That’s why plant predator books are often organized by plant, because when you know the plant that is being eaten, it narrows down the potential predators to just a handful.

It turns out that each insect antennae is shaped in such a way to collect only the frequencies from certain plants.

What’s Wrong With Non-Toxic Pest Control?

Other than the fact that they stop most organic gardeners from shifting their paradigm to see that plant-feeding organisms only eat unhealthy plants, non-toxic pest control products have a couple of other problems.

Many of them harm the plants to some degree, and most healthy plants can handle it, but if we’re spraying plants that are already suffering, the damage will often be worse.

Another problem is if we keep killing the offending organism with these pest control products, the predators of those pests may be killed or at least will never set up shop.

Ladybugs (Coccinellidae) won’t lay their eggs, which therefore won’t hatch to eat the aphids. Many of the beneficial microorganisms that would consume our black spot or mildew will be killed when we use baking soda or something similar.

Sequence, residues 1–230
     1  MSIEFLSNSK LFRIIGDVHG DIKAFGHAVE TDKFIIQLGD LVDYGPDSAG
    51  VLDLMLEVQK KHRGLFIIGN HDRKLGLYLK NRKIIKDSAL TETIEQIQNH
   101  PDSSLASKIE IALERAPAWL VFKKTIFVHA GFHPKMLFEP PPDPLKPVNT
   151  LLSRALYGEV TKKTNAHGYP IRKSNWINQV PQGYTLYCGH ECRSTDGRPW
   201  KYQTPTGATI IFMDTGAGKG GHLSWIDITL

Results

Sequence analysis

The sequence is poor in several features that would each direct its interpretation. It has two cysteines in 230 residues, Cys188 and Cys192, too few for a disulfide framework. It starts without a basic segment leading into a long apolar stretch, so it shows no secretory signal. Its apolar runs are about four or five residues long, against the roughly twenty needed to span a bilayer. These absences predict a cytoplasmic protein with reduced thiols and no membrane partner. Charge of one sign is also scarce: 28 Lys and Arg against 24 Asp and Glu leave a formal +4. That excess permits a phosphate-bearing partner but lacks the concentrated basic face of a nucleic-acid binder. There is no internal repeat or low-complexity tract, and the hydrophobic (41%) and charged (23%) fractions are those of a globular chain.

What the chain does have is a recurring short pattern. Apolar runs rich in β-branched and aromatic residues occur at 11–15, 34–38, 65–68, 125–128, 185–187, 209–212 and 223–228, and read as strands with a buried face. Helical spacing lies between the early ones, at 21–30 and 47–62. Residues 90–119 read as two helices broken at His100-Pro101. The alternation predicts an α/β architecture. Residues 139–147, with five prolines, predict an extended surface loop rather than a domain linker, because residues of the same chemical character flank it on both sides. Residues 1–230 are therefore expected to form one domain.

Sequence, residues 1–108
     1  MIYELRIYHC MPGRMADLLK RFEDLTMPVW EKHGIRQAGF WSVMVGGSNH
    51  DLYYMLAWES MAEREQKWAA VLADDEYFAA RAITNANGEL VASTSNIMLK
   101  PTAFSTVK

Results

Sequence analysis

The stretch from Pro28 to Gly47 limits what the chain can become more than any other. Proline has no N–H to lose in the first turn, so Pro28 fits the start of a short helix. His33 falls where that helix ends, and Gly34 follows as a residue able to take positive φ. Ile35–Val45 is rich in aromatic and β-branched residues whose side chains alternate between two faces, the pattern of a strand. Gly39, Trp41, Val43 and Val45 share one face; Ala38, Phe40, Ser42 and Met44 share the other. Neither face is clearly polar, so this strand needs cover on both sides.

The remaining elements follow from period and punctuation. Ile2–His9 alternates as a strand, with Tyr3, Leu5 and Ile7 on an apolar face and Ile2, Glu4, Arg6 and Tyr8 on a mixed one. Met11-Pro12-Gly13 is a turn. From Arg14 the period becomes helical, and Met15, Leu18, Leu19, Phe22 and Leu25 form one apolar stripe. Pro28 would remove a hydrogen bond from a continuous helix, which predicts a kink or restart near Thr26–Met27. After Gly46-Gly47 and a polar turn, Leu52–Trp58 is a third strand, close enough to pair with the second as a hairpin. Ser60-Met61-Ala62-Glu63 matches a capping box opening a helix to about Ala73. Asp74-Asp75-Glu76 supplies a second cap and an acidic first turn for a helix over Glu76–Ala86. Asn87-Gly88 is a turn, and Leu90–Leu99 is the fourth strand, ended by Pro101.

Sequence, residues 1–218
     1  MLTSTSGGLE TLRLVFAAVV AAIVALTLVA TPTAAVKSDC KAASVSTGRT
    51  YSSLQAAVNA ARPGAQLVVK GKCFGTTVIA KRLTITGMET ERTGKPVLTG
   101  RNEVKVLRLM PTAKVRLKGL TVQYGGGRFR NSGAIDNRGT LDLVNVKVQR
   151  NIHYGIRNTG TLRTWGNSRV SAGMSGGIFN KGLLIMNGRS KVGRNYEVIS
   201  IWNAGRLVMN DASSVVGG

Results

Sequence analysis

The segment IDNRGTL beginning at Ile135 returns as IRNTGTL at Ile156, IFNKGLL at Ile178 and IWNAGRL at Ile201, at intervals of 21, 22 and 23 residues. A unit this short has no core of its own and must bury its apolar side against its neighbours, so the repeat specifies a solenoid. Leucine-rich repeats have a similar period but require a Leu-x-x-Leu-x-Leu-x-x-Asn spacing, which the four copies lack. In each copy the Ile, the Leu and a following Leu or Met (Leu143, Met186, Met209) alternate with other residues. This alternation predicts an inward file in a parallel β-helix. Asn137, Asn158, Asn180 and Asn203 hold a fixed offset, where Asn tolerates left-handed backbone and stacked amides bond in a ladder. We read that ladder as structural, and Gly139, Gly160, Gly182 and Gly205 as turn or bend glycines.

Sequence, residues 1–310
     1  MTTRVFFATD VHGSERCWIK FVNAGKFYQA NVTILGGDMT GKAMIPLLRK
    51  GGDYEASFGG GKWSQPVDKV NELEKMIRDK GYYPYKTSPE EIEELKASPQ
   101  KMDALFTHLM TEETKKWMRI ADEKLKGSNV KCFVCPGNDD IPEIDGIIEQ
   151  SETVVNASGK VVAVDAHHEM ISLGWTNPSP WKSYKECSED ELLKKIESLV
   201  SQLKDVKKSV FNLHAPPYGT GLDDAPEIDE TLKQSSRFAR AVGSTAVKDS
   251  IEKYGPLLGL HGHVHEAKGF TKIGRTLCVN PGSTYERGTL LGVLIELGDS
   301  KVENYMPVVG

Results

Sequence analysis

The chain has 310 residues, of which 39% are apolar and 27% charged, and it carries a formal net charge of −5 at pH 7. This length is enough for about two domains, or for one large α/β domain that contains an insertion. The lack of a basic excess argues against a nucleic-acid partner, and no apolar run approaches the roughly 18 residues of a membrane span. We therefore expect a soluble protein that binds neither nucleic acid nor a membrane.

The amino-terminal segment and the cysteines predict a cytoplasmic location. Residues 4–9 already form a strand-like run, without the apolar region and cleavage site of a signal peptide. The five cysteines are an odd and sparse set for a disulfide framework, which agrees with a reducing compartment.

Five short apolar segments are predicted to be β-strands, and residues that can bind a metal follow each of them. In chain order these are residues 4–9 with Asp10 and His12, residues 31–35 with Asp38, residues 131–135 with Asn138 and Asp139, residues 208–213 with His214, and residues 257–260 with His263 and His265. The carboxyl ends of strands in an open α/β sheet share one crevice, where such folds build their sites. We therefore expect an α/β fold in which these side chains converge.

Killing the pests does not change anything. Pesticides do not give the plant the nutrients it needs.

What is the ultimate goal for organic pest control? Create health in your soil and your plants so that the pests never cause any problems.

That's what this series of lessons is all about. And that's definitely what the Smiling Gardener Academy is all about.

Please let me know below what you think of this way of looking at non-toxic pest control. I would love to get your thoughts.

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We tend to think insects and diseases are making our plants unhealthy, but actually, they are there because our plants are unhealthy. 

 

i somehow doubt a fully healthy plant is immune to hungry insects.

plants evolve to fend of insects, and insects evolve to handle said resistance. only the strongest will survive!

 

it would be interesting to see a field of organic nutes vs a field of synthetic ferts and release tagged bugs into the fields and see where they land and consime.

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hands down they go to the organic side. not so hard to understand why. the very best tastiest plant material comes from the organic side, go figure

i somehow doubt a fully healthy plant is immune to hungry insects.

plants evolve to fend of insects, and insects evolve to handle said resistance. only the strongest will survive!